Robert Campbell, Mountain Man


Saturday, Nov. 10 at 1:30pm
Missouri History Museum

The film relates the rags-to-riches tale of famous St. Louisan Robert Campbell (1804-79), a penniless Northern Ireland man who ultimately became the wealthiest man in Missouri. After arriving in St. Louis, Campbell became involved in the Rocky Mountain fur trade alongside legendary mountain men Robert Sublette and Jim Bridger, leading what he called a “bold and dashing life” — alternately fighting and befriending Native Americans, enduring the harshest of climates, suffering near starvation. Leaving the mountains, he became one of the leading citizens of St. Louis, with a business empire covering every aspect of commerce, property, and river trade. He even gave Mark Twain his first job as a Missouri riverboat pilot. The film follows Campbell's great-great-great-great nephew — former tank commander and Northern Ireland politician Alan McFarland — as he travels across the American West to uncover his ancestor’s life. Using re-enactments, archival photos, narration, and contemporary interviews, the film tells an engrossing story of adventure, love, and tragedy. The owner of the grand Campbell House — now a museum in downtown St. Louis — Campbell is buried with his family in Bellefontaine Cemetery.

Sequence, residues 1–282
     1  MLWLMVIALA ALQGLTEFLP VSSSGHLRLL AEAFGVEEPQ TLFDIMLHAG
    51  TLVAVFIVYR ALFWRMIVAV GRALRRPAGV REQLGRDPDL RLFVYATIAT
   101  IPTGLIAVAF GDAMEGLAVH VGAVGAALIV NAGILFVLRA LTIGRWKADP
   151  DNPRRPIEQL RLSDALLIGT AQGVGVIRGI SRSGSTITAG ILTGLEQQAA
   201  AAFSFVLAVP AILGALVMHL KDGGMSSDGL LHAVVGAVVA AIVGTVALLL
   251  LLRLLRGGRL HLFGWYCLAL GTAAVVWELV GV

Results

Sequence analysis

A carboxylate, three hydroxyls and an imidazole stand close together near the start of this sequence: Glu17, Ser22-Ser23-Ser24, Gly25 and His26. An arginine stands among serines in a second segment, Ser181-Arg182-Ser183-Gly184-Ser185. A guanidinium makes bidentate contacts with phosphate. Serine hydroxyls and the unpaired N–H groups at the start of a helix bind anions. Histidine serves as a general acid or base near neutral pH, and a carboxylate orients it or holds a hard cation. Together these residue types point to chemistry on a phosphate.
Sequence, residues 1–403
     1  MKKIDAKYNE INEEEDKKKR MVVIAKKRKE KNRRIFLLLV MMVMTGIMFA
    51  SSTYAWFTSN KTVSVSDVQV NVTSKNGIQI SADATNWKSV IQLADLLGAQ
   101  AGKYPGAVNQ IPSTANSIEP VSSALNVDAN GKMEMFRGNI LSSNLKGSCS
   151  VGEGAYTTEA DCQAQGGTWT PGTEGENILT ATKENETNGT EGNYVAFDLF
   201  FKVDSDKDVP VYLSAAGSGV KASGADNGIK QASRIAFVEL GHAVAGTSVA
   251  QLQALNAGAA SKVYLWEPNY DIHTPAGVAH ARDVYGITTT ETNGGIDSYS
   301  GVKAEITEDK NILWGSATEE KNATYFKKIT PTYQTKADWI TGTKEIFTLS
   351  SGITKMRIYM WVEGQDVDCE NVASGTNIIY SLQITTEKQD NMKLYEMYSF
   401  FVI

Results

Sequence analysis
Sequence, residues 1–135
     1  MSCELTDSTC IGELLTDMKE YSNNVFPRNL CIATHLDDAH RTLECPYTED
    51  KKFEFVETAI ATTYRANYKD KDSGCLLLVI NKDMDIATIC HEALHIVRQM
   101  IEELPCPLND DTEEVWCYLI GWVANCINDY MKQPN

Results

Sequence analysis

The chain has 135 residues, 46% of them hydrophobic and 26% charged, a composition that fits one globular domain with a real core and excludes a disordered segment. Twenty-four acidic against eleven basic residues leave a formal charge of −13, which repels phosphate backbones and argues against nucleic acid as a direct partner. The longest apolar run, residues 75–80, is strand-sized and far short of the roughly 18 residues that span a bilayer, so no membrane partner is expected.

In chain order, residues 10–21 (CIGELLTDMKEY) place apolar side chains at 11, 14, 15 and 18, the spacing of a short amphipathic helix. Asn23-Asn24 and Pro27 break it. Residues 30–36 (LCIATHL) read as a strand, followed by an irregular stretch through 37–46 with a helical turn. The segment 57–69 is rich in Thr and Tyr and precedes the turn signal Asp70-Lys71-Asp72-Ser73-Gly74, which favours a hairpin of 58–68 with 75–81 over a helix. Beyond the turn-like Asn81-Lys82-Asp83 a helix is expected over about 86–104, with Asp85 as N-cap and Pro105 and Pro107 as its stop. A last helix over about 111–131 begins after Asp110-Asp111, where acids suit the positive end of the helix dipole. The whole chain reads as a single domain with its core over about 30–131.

59 min.

Directed by

Michael Beattie


U.K. U.S.

Film Category

International Spotlight Leon & Mary Strauss Documentary Spotlight Show-Me Cinema




With director Beattie and Andrew H. Hahn, executive director of Campbell House.

Sponsored by

Patrick H. Gadell, Esq.